122-square-mile (310-square-km) Arches National Park, a portion of which was originally set aside as a national monument in 1929, contains over 1,500 arches, many of which are visible from the 18-mile (29-km) paved scenic drive or after a short hike. Elevations in the park range from 3,960 feet (1,207 meters) up to 5,653 feet (1,723 meters).
Capitol Reef National Park boasts beautifully-colored rock formations and impressive cliffs. Parts of this 387-square-mile (979-square km) park were set aside originally as a national monument in 1937. The central feature of Capitol Reef is 1,100-mile-long (1,770-km-long) Waterpocket Fold, whose origin dates back some 70 million years. Visitors often wonder about the origin of the park's name. Early explorers, who found Waterpocket Fold an impediment to travel, compared it to an ocean reef. Furthermore, the park's rounded sandstone hills were likened to the dome of the U. S. capitol in Washington, D. C. Most visitors to Capitol Reef explore only a cross section in the north of the park along the Fremont River Valley and an 11-mile-long (18-km-long) scenic drive south from the visitor center.
Portions of Canyonlands National Park, now 527 square miles (1,365 square km) in size, were first set aside in 1964. The Colorado River and Green River, whose confluence lies deep within the park, divide Canyonlands into three districts while providing ample opportunities for river running. "Islands in the Sky," the most popular district of the park, is a mesa which offers spectacular views over 1,300-foot-high (396-meter-high) cliffs. The less-visited "Needles" district in the southeastern part of the park has paved road access and provides views of canyons, arches and various rock formations. On the other hand, the difficult-to-reach wild country of "The Maze" in the southwestern part of the park is seldom visited by tourists.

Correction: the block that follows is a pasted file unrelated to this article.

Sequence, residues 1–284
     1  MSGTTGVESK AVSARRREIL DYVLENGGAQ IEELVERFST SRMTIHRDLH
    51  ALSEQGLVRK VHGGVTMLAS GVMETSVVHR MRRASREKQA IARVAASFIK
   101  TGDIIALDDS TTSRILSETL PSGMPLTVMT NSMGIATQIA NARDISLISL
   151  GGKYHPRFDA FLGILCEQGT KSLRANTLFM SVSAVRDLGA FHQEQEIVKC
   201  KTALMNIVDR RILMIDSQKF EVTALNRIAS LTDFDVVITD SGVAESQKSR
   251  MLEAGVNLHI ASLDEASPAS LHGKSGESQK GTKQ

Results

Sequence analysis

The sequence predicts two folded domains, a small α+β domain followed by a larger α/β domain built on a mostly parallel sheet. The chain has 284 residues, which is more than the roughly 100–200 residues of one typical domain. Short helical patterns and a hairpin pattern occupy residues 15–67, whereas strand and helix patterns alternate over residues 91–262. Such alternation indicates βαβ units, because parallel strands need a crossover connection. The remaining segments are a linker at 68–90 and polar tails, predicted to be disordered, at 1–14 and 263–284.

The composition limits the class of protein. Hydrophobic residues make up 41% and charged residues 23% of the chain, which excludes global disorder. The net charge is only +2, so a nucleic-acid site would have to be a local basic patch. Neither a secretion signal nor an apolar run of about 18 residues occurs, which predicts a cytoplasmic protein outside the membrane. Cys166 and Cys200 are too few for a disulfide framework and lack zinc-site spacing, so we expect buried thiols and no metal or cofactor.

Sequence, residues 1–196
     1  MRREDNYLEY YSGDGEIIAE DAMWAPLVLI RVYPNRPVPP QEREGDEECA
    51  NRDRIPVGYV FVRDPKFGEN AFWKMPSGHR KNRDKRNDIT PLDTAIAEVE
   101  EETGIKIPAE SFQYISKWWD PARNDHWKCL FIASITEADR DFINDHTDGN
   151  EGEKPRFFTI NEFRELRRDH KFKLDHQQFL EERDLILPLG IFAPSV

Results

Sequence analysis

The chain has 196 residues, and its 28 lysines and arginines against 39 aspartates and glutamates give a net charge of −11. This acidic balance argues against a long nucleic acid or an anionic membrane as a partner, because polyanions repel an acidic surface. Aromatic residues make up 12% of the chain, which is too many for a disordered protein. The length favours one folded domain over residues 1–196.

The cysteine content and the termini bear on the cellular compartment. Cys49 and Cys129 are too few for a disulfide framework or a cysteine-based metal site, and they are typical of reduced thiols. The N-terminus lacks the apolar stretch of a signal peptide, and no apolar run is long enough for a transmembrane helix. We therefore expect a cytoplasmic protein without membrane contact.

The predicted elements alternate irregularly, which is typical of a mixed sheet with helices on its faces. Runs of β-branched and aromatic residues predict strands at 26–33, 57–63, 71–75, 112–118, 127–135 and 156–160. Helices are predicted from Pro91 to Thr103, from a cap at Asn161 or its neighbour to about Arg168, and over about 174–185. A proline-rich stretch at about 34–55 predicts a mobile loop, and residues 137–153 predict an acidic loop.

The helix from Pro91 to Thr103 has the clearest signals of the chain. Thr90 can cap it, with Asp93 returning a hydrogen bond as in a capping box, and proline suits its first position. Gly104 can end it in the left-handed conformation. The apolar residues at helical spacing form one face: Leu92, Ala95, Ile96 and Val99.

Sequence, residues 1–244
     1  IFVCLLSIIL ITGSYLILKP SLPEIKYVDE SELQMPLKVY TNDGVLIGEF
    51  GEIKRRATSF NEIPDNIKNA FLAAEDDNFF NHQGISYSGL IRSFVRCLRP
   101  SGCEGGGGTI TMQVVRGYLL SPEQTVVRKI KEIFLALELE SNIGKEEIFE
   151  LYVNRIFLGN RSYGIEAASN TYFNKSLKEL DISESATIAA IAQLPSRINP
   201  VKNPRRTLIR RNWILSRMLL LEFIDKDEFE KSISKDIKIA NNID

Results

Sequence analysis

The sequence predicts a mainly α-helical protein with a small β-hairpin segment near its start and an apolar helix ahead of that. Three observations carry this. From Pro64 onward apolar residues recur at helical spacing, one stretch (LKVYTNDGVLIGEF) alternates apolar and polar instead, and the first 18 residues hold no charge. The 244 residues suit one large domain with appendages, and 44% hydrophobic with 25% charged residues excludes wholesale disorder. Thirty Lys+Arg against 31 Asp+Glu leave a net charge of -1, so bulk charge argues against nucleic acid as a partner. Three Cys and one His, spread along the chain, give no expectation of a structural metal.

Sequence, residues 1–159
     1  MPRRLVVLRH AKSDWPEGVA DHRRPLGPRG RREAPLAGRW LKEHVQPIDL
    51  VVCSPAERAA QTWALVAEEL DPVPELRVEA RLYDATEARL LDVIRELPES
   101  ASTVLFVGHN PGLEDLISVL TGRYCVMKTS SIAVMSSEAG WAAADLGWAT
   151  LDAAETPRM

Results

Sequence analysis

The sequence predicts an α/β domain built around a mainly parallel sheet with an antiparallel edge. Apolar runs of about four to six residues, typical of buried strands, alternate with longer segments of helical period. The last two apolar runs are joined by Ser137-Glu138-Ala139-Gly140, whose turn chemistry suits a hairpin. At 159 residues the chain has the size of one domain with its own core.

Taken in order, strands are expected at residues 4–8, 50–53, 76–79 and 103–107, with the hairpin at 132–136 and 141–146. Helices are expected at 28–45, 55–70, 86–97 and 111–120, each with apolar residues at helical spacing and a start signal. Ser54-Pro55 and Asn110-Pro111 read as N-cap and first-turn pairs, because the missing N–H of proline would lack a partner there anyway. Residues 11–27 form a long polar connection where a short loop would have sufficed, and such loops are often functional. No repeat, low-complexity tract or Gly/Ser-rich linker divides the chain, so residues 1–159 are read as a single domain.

A visit to Utah 's five national parks provides ample learning opportunities. First and foremost, visitors will be exposed to the unique geology of the region. They will also obtain an introduction to the native flora and fauna. In addition to seeing various types of trees and plants, they are likely to encounter mule deer, chipmunks, and other mammals and many species of birds. The ruins, relics and graffiti left behind both by ancient inhabitants and by more recent Mormon settlers are also evident in many locations in these national parks and throughout southern Utah.
ABOUT TED COOKSON: Egypt's most widely-traveled travel agent, Ted has been
to every country in the world! He has also visited 307 of the 317 destinations
on the list of the Travelers' Century Club (visit
www.eptours.com and refer to World Travel Club). A travel agent in Cairo
since 1986, Ted manages EGYPT PANORAMA TOURS, a full-service travel agency, at 4
Road 79 (between Roads 9 and 10, near the "El Maadi" metro station) in Maadi.
Contact Egypt Panorama Tours (open 7 days a week 9 AM-5 PM) at: Tels. 2359-0200,
2358-5880, 2359-1301. Fax 2359-1199. E-mail: